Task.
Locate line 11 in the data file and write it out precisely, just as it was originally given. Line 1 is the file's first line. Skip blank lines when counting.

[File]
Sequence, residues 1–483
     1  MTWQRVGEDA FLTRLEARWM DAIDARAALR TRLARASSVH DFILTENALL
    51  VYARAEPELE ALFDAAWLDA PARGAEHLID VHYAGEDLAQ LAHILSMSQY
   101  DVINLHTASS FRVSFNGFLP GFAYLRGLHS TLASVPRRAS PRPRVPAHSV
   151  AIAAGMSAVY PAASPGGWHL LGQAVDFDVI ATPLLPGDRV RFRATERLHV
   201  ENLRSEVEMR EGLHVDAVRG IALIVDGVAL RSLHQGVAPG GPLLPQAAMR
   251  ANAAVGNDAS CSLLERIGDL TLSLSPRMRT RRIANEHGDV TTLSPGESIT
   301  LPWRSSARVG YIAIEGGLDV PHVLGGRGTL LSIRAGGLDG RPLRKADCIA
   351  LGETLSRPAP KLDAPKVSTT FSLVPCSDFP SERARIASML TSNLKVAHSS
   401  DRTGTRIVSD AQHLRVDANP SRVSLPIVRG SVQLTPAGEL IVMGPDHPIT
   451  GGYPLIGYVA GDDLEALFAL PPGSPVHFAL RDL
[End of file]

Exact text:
   451  GGYPLIGYVA GDDLEALFAL PPGSPVHFAL RDL